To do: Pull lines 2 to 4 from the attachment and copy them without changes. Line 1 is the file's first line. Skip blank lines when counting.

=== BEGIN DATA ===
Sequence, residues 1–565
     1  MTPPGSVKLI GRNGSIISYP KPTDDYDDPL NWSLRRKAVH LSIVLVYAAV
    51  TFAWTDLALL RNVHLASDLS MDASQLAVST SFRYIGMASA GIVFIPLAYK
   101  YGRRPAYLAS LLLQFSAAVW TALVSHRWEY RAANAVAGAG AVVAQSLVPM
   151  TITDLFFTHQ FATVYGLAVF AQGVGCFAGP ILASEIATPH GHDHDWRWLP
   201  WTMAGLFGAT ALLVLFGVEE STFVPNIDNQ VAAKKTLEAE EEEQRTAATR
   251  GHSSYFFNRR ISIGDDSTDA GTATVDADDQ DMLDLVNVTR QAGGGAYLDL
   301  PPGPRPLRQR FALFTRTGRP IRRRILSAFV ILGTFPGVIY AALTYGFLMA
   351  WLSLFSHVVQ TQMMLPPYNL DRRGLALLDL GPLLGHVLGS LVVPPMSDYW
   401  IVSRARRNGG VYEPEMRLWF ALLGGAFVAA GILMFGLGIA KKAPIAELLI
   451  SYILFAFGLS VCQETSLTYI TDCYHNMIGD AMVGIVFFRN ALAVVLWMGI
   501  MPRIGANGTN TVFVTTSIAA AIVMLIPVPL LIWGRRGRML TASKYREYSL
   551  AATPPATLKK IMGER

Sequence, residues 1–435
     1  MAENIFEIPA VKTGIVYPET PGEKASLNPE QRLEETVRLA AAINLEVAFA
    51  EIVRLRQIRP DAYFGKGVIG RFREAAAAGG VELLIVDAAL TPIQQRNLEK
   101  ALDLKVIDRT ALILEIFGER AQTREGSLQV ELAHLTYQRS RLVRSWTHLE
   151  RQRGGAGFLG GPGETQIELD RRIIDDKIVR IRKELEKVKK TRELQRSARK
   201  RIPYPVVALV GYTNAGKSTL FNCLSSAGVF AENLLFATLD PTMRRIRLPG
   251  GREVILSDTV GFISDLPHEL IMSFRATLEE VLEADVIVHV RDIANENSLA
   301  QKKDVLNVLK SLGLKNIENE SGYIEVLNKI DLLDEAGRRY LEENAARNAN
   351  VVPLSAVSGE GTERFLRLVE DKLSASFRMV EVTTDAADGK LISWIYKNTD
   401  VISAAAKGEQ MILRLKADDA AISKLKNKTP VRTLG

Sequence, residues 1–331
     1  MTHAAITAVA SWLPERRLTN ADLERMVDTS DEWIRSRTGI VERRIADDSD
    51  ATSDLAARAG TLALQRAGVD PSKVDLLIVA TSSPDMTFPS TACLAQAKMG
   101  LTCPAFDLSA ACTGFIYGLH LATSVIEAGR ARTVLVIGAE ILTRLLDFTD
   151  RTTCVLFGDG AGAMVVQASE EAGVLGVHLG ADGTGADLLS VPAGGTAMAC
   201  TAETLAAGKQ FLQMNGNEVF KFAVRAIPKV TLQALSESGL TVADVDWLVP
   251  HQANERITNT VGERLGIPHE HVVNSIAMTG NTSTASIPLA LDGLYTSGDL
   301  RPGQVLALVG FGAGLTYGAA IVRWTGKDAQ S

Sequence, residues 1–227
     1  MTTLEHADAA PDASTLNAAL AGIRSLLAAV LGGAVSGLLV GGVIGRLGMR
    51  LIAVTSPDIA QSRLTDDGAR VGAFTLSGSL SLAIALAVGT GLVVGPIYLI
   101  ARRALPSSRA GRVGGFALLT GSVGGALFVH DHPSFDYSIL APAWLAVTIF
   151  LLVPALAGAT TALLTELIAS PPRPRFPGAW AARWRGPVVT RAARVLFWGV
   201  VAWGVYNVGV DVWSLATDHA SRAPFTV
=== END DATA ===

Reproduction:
     1  MTPPGSVKLI GRNGSIISYP KPTDDYDDPL NWSLRRKAVH LSIVLVYAAV
    51  TFAWTDLALL RNVHLASDLS MDASQLAVST SFRYIGMASA GIVFIPLAYK
   101  YGRRPAYLAS LLLQFSAAVW TALVSHRWEY RAANAVAGAG AVVAQSLVPM